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Randy Moss: Jerry Rice had two HOF QBs his whole career

by Chase Stuart on January 30, 2013

in Checkdowns, History, Receiving

I was planning on ignoring the latest Randy Moss news, using that word liberally as it applies to things said on media day. In case you missed it, Moss said yesterday that he believes he is the greatest receiver of all time. Moss is an obvious future Hall of Famer, but Jason Lisk gave Moss’ comments the appropriate treatment yesterday.

Today, though, Moss upped the ante by noting that “Jerry Rice had two Hall of Fame QBs his whole career. Give me that and see where my numbers are.” Yes, Rice was fortunate to play with Joe Montana and Steve Young, , but there is a pretty simple response to that. I wrote that response when Rice was a finalist for the Hall of Fame three years ago. You can read the full HOF profile I wrote on Rice, but I’ve reprinted Part III below:

No one questions Rice’s legitimacy as a Hall of Famer. But when it comes to Rice’s ultimate legacy, the question is whether he was one of the greatest players ever, or the greatest player ever. And there will be some who think Rice’s otherworldly numbers (aka Parts I and II) need to be discounted because he benefited so much from playing with Joe Montana and Steve Young for the majority of his career. Clearly, Rice was fortunate to play with Montana and Young. No one disputes that. The question is: by how much? That’s an impossible question to answer, but what we can do is look at the seasons during which Rice was working with a non-Montana/Young QB for a substantial amount of time:

  • In Rice’s rookie year, Montana missed one game. Matt Cavanaugh started against the Eagles, who had one of the best pass defenses in the league. Rice caught 3 passes for 71 yards and a score.
  • In 1986, Rice’s second season, Montana suffered a severe back injury in week one that nearly ended his career. Jeff Kemp (6) and Mike Moroski (2) started half of the season before Montana came back. In those eight games, Rice caught 40 passes for 820 yards and 9 TDs. Over sixteen games, 80 receptions, 1640 yards and 18 TDs would have been the most impressive season by any receiver in the league. Excluding Rice (who had 86-1570-15), Stanley Morgan had the second most receiving yards (1491) and Wesley Walker was second in receiving touchdowns (12). And yes, to those observant readers, Rice’s numbers that season were better without a gimpy Montana than with one.
  • Montana and Young would start every non-strike game over the next four seasons, so let’s skip ahead to 1991. Montana had a season-ending elbow injury in the pre-season and Young injured his knee in mid-season. Steve Bono started six games for the 49ers, and Rice caught 33 passes for 415 yards and four scores playing with Bono. After losing their first start under Bono, the 49ers would win their next five games. Pro-rated over 16 games, Rice (88 receptions, 1107 yards, 10.7 TDs) would have ranked 4th, 8th and 5th in receptions, receiving yards and receiving TDs with Bono.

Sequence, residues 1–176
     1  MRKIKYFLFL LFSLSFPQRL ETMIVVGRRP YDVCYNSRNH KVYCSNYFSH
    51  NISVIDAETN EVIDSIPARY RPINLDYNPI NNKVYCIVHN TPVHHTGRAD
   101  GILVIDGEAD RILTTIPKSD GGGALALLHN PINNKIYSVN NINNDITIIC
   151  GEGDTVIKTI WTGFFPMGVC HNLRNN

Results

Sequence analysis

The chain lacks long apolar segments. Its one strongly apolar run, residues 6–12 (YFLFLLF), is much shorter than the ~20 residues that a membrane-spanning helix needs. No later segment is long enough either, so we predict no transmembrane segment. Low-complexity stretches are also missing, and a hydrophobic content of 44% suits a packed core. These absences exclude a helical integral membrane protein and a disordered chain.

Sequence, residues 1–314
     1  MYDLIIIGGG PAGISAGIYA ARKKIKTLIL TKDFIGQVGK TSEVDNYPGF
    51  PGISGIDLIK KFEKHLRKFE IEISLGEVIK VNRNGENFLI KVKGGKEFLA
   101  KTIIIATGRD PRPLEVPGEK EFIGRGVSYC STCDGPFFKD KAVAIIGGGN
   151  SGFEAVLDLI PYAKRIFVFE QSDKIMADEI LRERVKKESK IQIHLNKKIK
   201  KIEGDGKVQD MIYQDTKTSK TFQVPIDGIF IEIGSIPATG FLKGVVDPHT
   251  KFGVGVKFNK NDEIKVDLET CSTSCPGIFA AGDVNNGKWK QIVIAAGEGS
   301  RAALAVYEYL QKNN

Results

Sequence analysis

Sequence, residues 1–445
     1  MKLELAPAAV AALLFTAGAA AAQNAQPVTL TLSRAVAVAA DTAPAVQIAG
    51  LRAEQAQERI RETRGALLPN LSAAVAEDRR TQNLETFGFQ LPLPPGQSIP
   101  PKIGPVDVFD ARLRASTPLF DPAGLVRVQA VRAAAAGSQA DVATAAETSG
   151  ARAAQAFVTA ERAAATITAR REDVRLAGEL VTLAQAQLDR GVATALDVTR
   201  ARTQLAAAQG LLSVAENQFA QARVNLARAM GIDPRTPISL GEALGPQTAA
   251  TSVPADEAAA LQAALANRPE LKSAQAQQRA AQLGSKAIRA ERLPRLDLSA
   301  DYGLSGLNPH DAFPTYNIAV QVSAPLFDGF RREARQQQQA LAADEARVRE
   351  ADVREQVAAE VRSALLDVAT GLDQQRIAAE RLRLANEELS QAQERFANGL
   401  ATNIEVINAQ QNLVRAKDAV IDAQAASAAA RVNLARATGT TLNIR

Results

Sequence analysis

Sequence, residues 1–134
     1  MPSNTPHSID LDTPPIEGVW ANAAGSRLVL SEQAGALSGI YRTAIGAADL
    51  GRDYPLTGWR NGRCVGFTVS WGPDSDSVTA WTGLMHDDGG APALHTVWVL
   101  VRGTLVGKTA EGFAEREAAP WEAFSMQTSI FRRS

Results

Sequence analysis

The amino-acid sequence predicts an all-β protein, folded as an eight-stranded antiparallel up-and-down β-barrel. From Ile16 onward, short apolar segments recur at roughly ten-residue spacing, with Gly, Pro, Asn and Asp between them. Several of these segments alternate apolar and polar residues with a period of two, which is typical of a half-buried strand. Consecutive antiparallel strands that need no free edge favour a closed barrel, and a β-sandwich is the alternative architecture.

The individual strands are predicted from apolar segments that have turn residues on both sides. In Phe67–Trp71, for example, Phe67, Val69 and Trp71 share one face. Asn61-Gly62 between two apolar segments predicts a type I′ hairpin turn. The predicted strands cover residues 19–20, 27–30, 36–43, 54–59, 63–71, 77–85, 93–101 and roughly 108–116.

• In 1995, Young went down again, and this time Elvis Grbac took over. In five starts, Rice put up an absurd 31-550-4, for a pro-rated 99-1760-12.8 (actual 122-1848-15). Those 1760 receiving yards would be good enough for #2 all-time on the single-season list.
  • Young missed four more starts in 1996, with Grbac again picking up the slack. Rice scored in every game, and caught 27 passes for 322 yards and 5 scores. The pro-rated Rice would have led the league with his 108 catches and ranked 4th with his 1288 yards; his 20 TDs would outpace the #2 man by six scores. The actual Rice had 108-1254-8.

So for 5 seasons, Grbac (9), Kemp (6), Bono (6), Moroski (2) and Cavanugh (1) started 24 games for the 49ers. In exactly a year and a half’s worth of games, Rice caught 134 passes for 2,177 yards and 23 TDs, and ran for one score as well. That’s an average season of 89 catches, 1451 receiving yards and 16 touchdowns, or roughly the career best season for nearly every WR who has ever played the game. And, of course, only 25% of those games came during what we would typically call a wide receiver’s prime. Eighteen of those 24 games that he played without Montana or Young came during Rice’s first or second season, or when he was 33- or 34-years old. In ’95 and ’96, playing at an age when most receivers start slowing down, catching passes from Elvis Grbac, and playing with Derek Loville and Terry Kirby at RB, Rice put up numbers that could arguably pass for the best season of Cris Carter’s or Steve Largent’s career.